Florida’s Legislature passed an election bill on Thursday that alters the way residents vote by mail.
The Republican-controlled Legislature passed the bill in both chambers on a mostly party-line vote. Republican Gov. Ron DeSantis already said he plans on signing it.
The bill prevents state agencies from sending mail-in ballots to people who didn’t request one, disallows ballot harvesting, which is the collection of ballots by a third person who then turns them in to election officials, and puts restrictions on the hours of operations for drop boxes.
Previous versions of the bill had eliminated the use of drop boxes, although it was not included in the final draft, according to NPR.
DeSantis will “for sure” sign the legislation, he said.
“We have voter ID. We’ve had voter ID. It works. It’s the right thing to do," DeSantis said on Fox News. "We didn’t do unsolicited mail ballots this last election. We made sure the right people were in place. There was — we counted 11 million votes by midnight on election night. It was free. It was fair. It was transparent.”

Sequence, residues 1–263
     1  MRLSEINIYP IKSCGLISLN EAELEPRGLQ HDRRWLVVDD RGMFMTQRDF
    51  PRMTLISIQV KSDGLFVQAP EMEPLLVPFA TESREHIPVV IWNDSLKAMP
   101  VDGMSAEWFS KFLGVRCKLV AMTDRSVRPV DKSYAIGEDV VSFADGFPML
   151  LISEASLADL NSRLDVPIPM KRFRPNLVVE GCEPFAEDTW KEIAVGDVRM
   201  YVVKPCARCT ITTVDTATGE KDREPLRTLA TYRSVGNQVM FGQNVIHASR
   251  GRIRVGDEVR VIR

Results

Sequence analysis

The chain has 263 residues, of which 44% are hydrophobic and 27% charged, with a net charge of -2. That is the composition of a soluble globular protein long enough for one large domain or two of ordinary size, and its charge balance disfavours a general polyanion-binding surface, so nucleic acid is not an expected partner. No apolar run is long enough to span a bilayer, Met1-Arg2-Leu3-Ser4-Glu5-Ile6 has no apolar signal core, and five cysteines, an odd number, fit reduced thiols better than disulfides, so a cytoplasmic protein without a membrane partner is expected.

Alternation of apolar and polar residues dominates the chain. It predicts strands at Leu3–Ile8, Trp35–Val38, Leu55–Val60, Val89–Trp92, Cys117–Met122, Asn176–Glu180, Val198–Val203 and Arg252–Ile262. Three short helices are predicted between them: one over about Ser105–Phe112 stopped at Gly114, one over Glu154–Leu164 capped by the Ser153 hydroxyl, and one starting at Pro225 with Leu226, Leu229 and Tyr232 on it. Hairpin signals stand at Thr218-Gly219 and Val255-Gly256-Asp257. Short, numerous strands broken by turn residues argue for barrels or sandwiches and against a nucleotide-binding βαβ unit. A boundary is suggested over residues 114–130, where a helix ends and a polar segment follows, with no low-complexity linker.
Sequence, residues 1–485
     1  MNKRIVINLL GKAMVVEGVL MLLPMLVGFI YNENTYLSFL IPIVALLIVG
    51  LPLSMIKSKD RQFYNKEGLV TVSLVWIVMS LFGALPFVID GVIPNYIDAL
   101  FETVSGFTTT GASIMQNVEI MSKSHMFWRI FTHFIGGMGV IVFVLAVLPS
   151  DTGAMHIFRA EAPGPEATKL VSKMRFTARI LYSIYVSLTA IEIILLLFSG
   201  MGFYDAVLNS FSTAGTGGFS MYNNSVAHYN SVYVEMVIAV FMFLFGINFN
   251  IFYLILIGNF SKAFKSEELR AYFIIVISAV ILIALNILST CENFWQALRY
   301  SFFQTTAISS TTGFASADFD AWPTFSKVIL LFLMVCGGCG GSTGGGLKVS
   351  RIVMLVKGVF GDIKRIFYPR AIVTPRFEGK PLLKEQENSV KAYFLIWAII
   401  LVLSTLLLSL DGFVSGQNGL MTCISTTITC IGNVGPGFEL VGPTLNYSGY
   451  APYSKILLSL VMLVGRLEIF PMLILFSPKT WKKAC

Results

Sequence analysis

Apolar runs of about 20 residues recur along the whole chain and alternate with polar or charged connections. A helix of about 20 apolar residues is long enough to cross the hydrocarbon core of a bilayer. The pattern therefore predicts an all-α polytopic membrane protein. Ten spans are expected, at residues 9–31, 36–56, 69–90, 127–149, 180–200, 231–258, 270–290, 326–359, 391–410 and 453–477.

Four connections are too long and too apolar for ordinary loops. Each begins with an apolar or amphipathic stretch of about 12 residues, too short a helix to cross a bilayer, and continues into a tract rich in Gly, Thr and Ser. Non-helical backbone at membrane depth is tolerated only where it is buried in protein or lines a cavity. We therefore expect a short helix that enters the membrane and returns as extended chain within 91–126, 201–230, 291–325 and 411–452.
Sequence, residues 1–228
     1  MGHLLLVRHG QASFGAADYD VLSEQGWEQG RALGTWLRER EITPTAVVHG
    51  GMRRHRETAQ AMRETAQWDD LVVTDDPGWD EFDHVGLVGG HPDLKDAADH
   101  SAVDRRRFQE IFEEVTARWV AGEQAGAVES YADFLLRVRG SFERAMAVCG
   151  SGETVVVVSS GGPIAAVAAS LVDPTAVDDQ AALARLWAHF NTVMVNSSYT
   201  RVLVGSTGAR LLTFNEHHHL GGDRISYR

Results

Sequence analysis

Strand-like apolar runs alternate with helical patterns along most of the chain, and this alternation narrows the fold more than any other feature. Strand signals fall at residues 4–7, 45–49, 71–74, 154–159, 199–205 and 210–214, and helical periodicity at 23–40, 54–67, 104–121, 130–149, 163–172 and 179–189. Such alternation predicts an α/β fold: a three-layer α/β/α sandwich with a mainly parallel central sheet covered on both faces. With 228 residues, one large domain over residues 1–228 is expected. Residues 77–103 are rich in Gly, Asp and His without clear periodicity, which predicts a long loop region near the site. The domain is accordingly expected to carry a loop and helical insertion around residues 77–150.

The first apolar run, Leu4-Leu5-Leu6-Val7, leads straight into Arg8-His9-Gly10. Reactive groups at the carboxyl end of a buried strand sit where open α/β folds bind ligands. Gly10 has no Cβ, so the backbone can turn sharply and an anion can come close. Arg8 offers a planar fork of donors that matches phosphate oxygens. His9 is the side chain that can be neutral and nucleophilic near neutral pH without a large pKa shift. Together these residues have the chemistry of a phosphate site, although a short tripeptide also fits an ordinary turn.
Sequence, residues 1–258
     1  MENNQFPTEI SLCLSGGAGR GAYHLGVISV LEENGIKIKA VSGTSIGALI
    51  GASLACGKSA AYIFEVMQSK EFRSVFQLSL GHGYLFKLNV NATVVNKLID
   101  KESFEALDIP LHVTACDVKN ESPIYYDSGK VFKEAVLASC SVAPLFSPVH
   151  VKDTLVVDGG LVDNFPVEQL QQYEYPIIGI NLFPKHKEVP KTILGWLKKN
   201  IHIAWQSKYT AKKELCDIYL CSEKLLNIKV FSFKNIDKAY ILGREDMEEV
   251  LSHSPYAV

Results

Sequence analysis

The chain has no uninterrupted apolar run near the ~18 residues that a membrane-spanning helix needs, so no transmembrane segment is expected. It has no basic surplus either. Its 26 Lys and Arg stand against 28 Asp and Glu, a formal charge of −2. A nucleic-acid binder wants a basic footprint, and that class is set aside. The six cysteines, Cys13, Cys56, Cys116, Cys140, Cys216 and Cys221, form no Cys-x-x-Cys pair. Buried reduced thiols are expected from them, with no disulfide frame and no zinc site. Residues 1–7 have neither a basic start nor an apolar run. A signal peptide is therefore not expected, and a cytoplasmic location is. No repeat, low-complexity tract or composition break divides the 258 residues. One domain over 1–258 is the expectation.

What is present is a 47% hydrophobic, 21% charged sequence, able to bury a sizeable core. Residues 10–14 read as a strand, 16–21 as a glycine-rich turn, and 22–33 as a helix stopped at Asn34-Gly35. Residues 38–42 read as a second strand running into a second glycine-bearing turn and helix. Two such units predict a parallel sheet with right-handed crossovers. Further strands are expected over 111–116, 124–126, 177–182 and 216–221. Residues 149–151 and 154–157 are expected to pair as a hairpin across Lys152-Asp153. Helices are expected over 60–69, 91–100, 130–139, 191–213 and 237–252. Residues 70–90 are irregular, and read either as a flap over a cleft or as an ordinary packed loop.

In 2016 and 2018, about a third of Florida's voters cast their ballots by mail, and in both elections, more Republicans cast their ballot that way, though Democrats cast more by mail in 2020 amid the coronavirus pandemic, according to the New York Times.
The bill enforces voter identification laws, which require voters who are registering to provide either a Florida driver's license number, an identification number for those who don’t have a license, or the last four digits of the applicant’s social security number.
“Gov. DeSantis is supportive of S.B. 90, which, if passed, will ensure that Florida remains a national leader in election security, integrity, and transparency,” DeSantis press secretary Cody McCloud told the Washington Examiner after the Senate passed the bill earlier in April.